Essay On Censorship Of Internet Write My Term Paper Online camden alexander found the answer to a search query internet censorship Surveyor Link Limited
Popular literature on the other hand is habitually tendentious both deliberately and unconsciously. It reflects and stimulates the prejudices and parochialism of its audience. Most of the literary conflicts that have seized the totalitarian countries during the twentieth century stem directly from relentless efforts by the state to reduce elite literature to the level of the popular. The great proletarian novels of our time have been produced, not by Russians, but by American Negroes, Japanese, Germans, and most proletarian of all a German-American living in Mexico, B. Traven. Government control and censorship can inhibit literary development, perhaps deform it a little, and can destroy authors outright; but, whether in the France of Louis XIV or in the Soviet Union of the twentieth century, it cannot be said to have a fundamental effect upon the course of literature.
Popular fiction and drama, westerns and detective stories, films and television serials, all deal with the same great archetypal themes as folktales and ballads, though this is seldom due to direct influence; these are simply the limits within which the human mind works. The number of people who have elevated the formulas of popular fiction to a higher literary level is surprisingly small. Examples are H.G. Wellss early science fiction, the western stories of Gordon Young and Ernest Haycox, the detective stories of Sir Arthur Conan Doyle, Georges Simenon, and Raymond Chandler.
Lyric poetry never gets far from its origins, except that some of its finest examples Medieval Latin, Provençal, Middle High German, Middle French, Renaissance which today are only read, were actually written to be sung. In the twentieth century, however, popular songs of great literary merit have become increasingly common for example, the songs of Bertolt Brecht and Kurt Weill in German, of Georges Brassens and Anne Sylvestre in French, and of Leonard Cohen, Bob Dylan, and Joni Mitchell. It is interesting to note that, in periods when the culture values artificiality, the lyric becomes stereotyped. Then, after a while, the poets revolt and, usually turning to folk origins, restore to lyric poetry at least the appearance of naturalness and spontaneity.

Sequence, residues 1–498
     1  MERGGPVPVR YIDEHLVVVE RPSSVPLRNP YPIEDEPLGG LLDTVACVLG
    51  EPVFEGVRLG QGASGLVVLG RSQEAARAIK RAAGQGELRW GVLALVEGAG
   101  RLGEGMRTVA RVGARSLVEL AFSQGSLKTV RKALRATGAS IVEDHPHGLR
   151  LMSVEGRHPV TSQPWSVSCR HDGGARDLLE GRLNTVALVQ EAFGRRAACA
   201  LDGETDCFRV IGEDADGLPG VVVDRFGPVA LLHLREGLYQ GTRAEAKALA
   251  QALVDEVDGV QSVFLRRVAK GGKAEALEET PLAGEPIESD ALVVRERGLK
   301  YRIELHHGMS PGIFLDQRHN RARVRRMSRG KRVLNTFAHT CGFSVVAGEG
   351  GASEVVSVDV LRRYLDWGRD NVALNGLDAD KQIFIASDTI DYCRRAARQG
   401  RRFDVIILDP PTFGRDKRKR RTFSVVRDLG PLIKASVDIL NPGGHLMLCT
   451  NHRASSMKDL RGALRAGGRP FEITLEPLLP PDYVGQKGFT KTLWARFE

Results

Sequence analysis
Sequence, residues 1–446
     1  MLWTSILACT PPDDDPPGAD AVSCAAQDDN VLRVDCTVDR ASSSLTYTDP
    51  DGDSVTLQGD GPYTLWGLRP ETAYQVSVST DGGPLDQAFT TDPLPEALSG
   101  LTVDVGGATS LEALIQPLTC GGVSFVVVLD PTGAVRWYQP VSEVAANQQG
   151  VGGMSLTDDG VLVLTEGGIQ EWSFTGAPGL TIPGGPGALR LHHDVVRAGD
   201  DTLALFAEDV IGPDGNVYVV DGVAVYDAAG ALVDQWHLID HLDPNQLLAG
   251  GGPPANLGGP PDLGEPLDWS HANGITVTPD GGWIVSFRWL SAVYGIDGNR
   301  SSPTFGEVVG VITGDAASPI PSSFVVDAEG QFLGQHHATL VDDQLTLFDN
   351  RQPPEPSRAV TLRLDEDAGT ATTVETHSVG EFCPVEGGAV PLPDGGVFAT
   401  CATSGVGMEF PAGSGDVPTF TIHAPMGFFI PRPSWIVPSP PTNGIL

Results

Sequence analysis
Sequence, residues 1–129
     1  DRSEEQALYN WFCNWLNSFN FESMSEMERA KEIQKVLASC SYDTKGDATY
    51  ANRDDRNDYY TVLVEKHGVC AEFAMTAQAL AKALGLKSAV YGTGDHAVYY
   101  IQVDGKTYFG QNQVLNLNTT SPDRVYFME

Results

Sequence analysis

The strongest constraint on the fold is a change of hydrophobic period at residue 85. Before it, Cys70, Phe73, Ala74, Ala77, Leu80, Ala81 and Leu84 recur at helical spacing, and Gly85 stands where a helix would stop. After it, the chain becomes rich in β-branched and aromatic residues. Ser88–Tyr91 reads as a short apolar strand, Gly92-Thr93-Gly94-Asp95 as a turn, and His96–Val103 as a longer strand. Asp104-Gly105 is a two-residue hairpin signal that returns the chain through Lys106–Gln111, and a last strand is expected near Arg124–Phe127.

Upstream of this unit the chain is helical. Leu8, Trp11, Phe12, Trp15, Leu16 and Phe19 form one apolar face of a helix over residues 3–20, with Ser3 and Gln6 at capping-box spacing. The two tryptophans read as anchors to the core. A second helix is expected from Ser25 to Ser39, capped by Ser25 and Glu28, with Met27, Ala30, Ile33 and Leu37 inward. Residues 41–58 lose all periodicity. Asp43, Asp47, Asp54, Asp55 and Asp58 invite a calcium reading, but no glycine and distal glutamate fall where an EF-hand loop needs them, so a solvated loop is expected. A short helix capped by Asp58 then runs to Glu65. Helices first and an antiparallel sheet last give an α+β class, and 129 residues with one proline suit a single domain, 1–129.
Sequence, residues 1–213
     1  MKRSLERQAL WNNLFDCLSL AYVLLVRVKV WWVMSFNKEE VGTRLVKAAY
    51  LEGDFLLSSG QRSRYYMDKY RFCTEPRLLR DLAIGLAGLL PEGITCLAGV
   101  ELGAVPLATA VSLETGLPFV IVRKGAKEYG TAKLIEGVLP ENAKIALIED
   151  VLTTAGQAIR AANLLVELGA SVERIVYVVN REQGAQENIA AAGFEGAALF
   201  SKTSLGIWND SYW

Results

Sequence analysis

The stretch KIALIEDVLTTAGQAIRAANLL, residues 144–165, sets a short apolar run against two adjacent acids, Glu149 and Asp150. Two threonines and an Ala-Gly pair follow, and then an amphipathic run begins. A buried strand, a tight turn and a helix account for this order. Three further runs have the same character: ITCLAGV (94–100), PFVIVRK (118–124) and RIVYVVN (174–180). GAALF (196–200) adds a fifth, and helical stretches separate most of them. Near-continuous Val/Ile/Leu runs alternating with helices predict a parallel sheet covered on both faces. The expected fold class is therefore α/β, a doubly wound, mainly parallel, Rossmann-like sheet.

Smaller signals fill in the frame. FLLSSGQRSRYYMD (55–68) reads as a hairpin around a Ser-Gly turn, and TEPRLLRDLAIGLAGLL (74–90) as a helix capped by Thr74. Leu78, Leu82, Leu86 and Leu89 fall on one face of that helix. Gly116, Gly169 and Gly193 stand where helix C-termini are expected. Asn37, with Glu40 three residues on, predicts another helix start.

In preliterate societies oral literature was widely shared; it saturated the society and was as much a part of living as food, clothing, shelter, or religion. In barbaric societies, the minstrel might be a courtier of the king or chieftain, and the poet who composed liturgies might be a priest. But the oral performance itself was accessible to the whole community. As society evolved its various social layers, or classes, an elite literature began to be distinguishable from the folk literature of the people. With the invention of writing this separation was accelerated until finally literature was being experienced individually by the elite (reading a book), while folklore and folk song were experienced orally and more or less collectively by the illiterate common people.